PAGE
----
A lot of things happen to you when a parent dies.

You may find yourself dealing with their lifetime accumulation of possessions which can give you unexpected insights into your parent’s life.  As we are cleaning out Doug’s dad’s house, I keep asking myself –

What the heck was he keeping all this junk around for?  And I’m realizing that if someone had to clean out my house, they would be asking the same question about me.

Major Motivator!  I’m going to ride this revelation.  I’ve been intending to declutter my life for many years, but it never gets to the top of my to do list.  I skate around on a thin layer of  the things I’m using right now, but under them are many objects that no longer have a purpose for me.

This month – as soon as I finish grading my student’s Communications Technology 2110 portfolios, and get three writing assignments with due dates in the next two weeks done …  (I know! I know!  It sounds like the same old thing – hopefully it’s not.)

Some people dream of a vacation on an island.

I dream of living in a house stripped down to truly meaningful possessions.

Here are 5 declutter gurus that I am turning to for inspiration:

Zenhabits Guide to Creating a Minimalist Home

As you might imagine with a name like zenhabits, this sight is about simple, meaningful living.  There are many useful posts to be found here, but you might want to start with this one.  This describes what a minimalist home can look like, digs right into the how to and concludes with “Sit back, relax and enjoy.”

Fly Lady

 I learned about this site in a newspaper article a few years ago.  The graphics on this website are atrocious but the advice is very sound.  This is a program on creating new habits and doing it in realistic steps.  Her zone cleaning system transformed my housekeeping.

She advises decluttering 15 minutes a day and has 5 great tools that make it easy.

Get Rich Slowly’s How to Stop Buying Clothes You Never Wear

Of course the proactive way to declutter is DON’T get it in the first place.  That could be the topic of another post or even an entire blog.  But a simple place to start don’t-get-it-in-the-first-place is your closet.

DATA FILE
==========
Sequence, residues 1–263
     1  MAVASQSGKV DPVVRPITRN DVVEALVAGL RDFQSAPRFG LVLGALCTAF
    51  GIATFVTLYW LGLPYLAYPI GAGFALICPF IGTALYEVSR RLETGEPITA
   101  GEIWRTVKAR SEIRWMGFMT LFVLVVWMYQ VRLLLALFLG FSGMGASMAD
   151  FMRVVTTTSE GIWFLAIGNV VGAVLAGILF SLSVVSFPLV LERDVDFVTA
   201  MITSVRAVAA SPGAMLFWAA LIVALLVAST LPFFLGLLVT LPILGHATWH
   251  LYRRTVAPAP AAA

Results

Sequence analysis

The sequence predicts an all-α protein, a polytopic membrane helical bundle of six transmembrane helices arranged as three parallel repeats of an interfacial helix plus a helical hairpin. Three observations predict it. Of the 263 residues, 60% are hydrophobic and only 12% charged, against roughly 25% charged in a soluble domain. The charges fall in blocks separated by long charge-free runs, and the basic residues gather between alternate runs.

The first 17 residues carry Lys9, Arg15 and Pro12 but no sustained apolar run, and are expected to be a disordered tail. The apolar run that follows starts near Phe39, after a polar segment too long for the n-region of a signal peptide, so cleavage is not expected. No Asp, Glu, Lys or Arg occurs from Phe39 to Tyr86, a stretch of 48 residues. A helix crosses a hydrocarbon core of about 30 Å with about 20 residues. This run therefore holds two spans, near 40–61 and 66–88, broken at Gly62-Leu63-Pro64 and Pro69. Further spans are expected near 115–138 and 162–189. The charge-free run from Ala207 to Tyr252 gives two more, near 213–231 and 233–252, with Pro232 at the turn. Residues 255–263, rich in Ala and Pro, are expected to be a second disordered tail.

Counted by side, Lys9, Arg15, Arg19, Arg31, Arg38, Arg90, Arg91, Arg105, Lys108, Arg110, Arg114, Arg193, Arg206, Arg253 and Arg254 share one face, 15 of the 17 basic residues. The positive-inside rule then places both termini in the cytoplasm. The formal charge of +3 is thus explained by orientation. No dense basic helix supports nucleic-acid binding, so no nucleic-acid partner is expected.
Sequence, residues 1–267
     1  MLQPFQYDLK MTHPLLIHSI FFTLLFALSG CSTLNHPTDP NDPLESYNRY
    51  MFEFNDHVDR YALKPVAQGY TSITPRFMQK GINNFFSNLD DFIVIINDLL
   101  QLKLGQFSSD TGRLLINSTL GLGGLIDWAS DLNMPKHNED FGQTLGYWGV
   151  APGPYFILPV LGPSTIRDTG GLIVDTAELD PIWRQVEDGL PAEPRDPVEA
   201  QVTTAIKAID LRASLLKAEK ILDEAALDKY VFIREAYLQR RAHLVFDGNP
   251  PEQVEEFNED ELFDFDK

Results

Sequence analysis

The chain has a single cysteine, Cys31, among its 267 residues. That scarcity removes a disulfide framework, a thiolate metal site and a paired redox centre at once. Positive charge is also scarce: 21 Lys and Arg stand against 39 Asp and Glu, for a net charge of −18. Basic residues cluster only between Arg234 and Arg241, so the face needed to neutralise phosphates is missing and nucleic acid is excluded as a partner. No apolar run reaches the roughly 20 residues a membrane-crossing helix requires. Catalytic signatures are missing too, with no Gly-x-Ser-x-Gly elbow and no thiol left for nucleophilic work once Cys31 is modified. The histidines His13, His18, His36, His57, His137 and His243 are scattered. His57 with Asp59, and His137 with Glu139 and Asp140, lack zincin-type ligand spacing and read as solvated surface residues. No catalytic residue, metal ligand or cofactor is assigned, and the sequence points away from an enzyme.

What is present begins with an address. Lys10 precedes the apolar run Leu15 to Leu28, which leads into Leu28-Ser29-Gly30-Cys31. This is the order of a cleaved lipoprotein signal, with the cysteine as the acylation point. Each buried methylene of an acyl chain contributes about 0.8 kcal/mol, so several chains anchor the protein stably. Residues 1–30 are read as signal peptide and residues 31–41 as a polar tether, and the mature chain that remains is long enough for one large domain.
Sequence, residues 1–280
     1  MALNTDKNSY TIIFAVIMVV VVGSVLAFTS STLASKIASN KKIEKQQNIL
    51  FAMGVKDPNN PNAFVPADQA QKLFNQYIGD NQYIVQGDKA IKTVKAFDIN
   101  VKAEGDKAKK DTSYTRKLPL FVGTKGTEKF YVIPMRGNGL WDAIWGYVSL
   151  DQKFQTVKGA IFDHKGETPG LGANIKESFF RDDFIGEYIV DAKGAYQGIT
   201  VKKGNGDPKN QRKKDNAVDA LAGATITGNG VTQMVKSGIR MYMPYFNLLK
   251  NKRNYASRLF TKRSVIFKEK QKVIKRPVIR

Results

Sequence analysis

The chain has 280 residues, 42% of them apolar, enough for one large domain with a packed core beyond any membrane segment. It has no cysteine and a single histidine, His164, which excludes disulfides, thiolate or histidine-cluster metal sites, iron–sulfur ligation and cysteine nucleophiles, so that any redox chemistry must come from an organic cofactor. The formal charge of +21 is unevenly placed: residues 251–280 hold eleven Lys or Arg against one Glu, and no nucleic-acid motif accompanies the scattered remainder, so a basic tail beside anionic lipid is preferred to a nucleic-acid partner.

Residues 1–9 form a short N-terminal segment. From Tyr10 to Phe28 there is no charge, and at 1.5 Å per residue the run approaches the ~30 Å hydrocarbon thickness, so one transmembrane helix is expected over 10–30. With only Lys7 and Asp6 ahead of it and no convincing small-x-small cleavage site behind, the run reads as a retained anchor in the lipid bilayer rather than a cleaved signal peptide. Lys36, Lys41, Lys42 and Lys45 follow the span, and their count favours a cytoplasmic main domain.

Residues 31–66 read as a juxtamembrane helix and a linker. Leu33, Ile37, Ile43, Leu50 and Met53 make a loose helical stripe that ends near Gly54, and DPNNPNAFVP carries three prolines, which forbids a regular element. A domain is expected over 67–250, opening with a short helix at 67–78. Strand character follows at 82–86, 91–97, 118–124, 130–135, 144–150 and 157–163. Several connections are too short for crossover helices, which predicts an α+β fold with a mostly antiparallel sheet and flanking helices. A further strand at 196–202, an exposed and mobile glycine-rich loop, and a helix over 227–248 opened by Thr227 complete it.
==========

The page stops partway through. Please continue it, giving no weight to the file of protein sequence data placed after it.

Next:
The Savvy Freelancer’s Home Office Decluttering Tips for Freelancers

Being a freelancer, this caught my eye, but it applies to anyone who has a home office.  Having organized paper work is one of the ways to a decluttered life that really works.

Miss Minimalist’s 100 Ways to Simplify Your Life (and Make Yourself Happier)

100 is a lot of ways.  Some of these are sure to hit your personal bull’s eye and give you traction you need to get started.  Miss Minimalist takes the concept of simplicity far past housekeeping.  Once you start to declutter – why stop with your rooms?  Go further and declutter your attitudes.  Imagine having an uncluttered mind.

So how do you deal with possessions that seem to spontaneously generate in the corners? 

Do you have a website that has helped you?  Do you have a favorite technique to keep clutter at bay?  I’m all ears.

3 replies

  1. Having downsized three times now, our small apartment is overflowing. I must admit it is nice to go to our other apartment that we ended up with when some people we had bought it for moved out, it’s only 10 min walk away but it is like having a summer house nearby, that is relatively clutter free with just the minimum we need up there to make it look nice but not too much stuff.

    As far as paperwork is concerned that goes in a box until I have time to file it, at least it is not cluttering up the place then, but it does tend to hang around until I have done what I need to do with it first.

    The advantage for us is we are not near shops for clothes etc and I hate shopping anyway. We have bought gadgets whilst here but most are for using on our land and we should have nearly all we need now. I must admit to not getting rid of much but then again we do recycle a lot, I recycle old clothes into art quilts and will be making some panels to hide functional curtains out of whatever fabric I have lying about the apartment. Ian keeps old screws and bolts if they are still okay and such but he also uses them again. We have kept the plastic from our old polytunnel that collapsed and we are going to use them to make cold frames. So I guess if you are going to have clutter, at least re-use it.

    http://www.storyofstuff.com/ – I like the way this animation explains about all the stuff we accumulate and the effects it has

  2. This post could not have been more timely, as my dad died just last week, and we (mostly my mother) are in the process of sorting out his belongings. There’s a homeless charity near us that is going to benefit from some very nice clothing and shoes (yay), but if I’ve said it once, I’ve said it a dozen times over the last week — I’m leaving this planet with just enough belongings to fill a (small) backpack. An exaggeration, perhaps, but not much of one.

    • Thanks for cheking in, Crunchycon.
      Yes, we are still in the process of going through my husband’s belongings, and the Racine Salvation Army is getting some new inventory out of it.
      I have always felt good about finding useful things that I do not need and moving them out into the stream where they can benefit someone else and avoid a new item needing to be produced (with all that entails).
      I too hope to make whittling down a life-long pursuit so that those who have to clean up after me someday will find it no burden.
      It’s a great goal.

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